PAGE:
|Claimant short name:||FLYTHE|
|Footnote (claimant name) :|
|Defendant(s):||THE STATE OF NEW YORK|
|Footnote (defendant name) :|
|Judge:||Alan C. Marin|
|Claimant's attorney:||Joseph Flythe, Pro Se|
|Defendant's attorney:||Andrew M. Cuomo, Attorney General
By: Roberto Barbosa, AAG
|Third-party defendant's attorney:|
|Signature date:||November 19, 2009|
|See also (multicaptioned case)|
This decision follows the trial of the claim of Joseph Flythe. In his claim, Mr. Flythe alleges that on February 13, 2003, during a facility search at Sullivan Correctional Facility, he was "jumped on . . . and beat . . . up" in his cell by several correction officers who were members of the "Crisis Team." Claimant further alleges that:
[t]hey only stopped when someone told them that I was . . . [visually impaired] . . . I had done nothing . . . they just beat me up for nothing . . .They punched me in the face and I fell hitting my head on the wall. I get [migraine] headaches now also my back . . . [hurts] . . . I also have trouble sleeping, as I am afraid that they will come back and get me again . . . I also now had to obtain and continue to maintain Mental Health Counseling . . .
At trial, claimant testified on his own behalf, and defendant called registered nurse Floyd Darbee.(1)
Claimant testified as follows. Beginning on February 11, 2003, Sullivan Correctional Facility was locked down for three days for a facility search because of an incident involving contraband. A search team called the "Orange Crush" was called and "took over" the whole facility. On the third day, February 13, 2003, the team came to "D North," where claimant was housed in cell 145. Three members of the team came in his cell and did a strip search. After he put his clothes back on, they surrounded him and placed his hands behind his head and he couldn't move. One of the officers said, "you think I don't know how to read lips," and accused claimant of making a derogatory comment, which claimant denied having done.
Claimant further testified that he was taken out of his cell, and the cell was ransacked; everything was on the floor and out of the dresser. He was then taken back into the cell, where he was pushed and fell, hitting his head on the wall. One of the officers scratched his stomach and another scratched his mouth. He heard one say, "Throw the bastard on the floor." He was put on the floor, face up and handcuffs were put on him. He couldn't move and was gagging. Then, he heard someone come in and say, "What are you doing? Back out." The cuffs were taken off him and he was thrown on the bed and told not to turn around. The team then left and he yelled for the sergeant that he wanted to go to sick call because his head was swollen. He went to sick call and explained what had happened. Claimant stated that photos were taken, but that he had been unable to obtain them. He went to sick call again the next day and was given pain medication to take for three days.* * *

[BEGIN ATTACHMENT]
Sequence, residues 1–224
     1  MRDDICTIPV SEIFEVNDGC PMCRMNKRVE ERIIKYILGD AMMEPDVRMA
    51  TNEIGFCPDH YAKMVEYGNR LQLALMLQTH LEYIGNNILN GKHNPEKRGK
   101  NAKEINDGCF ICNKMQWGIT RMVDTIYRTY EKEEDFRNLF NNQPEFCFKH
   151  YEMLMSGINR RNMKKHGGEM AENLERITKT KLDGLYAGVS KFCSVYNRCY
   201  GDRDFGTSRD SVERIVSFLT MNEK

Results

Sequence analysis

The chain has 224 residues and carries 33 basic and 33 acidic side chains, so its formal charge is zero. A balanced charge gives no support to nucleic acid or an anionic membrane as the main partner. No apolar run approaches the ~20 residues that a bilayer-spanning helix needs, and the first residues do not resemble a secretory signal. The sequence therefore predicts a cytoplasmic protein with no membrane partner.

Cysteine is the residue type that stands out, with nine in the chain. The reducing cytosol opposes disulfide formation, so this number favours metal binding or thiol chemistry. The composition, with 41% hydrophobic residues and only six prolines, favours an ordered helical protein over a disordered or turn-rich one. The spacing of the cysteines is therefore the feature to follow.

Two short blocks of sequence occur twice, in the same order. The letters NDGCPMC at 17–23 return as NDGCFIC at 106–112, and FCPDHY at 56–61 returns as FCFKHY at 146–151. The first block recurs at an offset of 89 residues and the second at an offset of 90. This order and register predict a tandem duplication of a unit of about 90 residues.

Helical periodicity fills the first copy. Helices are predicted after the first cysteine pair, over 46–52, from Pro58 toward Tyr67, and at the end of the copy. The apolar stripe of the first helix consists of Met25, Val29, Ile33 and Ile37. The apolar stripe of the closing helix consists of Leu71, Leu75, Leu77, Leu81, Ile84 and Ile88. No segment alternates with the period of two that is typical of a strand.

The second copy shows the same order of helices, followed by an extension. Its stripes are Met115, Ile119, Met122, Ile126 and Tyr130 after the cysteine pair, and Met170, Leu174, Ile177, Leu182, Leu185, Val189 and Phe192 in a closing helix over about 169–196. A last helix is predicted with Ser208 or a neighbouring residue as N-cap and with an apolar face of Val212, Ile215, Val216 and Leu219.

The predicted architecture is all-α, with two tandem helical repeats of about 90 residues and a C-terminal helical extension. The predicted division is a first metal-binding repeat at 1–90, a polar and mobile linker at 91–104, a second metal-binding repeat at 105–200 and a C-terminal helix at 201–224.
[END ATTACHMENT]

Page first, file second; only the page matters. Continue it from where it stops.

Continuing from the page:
Floyd Darbee testified that he has worked as a registered nurse at Sullivan Correctional since November 2000, and his regular duties include assignment to sick call, which has included seeing patients who were assaulted.
Darbee was shown defendant's exhibit A, claimant's Ambulatory Health Record for February 13, 2003, and he testified that he wrote the entries stating what claimant told him and what his "medical findings" were. As to what Flythe told Darbee, exhibits A states that, "[inmate] states '3 co's hit me in the right side of my head, and the [left] side hitting the wall . . . then they pulled me off the toilet and threw me on the floor. . . [t]hey stood on my back . . . [m]y head is hurting me.' "
Darbee testified that he did a full assessment of Flythe's body at that time. As to Darbee's "medical findings," exhibit A states that there was:
[no] open area on head [no] bruising [or] swelling noted pain is just what the [patient] says it is pain to him. [H]e does not appear in agony no [illegible] very calm demeanor joking [at] times [with] officers. Arms bilateral [with] full [range of motion] no open areas [no] bruising noted Back and legs bilateral [with] [no] bruising noted [no] [illegible] noted. No [illegible] injuries noted. No treatment given.
When cross-examining Darbee, claimant expressed doubt that it was Darbee who had in fact treated him that day. Asked if he had any specific recollection of treating claimant, Darbee stated that it was six years ago, and he was testifying based on what he had written at the time.* * *
In cases involving allegations of excessive force, the credibility of witnesses is crucial, and the trier of fact must assess credibility under the specific circumstances of the incident. See, e.g., Davis v State of New York, 203 AD2d 234 (2d Dept 1994); Wester v State of New York, 247 AD2d 468 (2d Dept 1998); Lewis v State of New York, 223 AD2d 800 (3d Dept 1996).
In the instant case, claimant was the only witness to testify as to what happened in his cell on February 13, 2003. That being said, Darbee's entries on claimant's medical records that day call into doubt whether claimant was in fact assaulted. I am constrained to find, on the record as a whole, that claimant has failed to satisfy his burden of proving by a preponderance of the evidence that he was in fact assaulted as he testified.
In view of the foregoing, having reviewed the submissions, claim no. 107899 is dismissed. LET JUDGMENT BE ENTERED ACCORDINGLY.
November 19, 2009
New York, New York
Alan C. Marin
Judge of the Court of Claims
1. Claimant sought to introduce an unsigned, unsworn "statement" of inmate Ralph Ambert, who allegedly witnessed the incident that is the subject of this claim. Such was identified as claimant's exhibit 1, but was not introduced into evidence. Claimant, who was given the opportunity to make a post-trial submission, submitted no authority to suggest that such a document is admissible.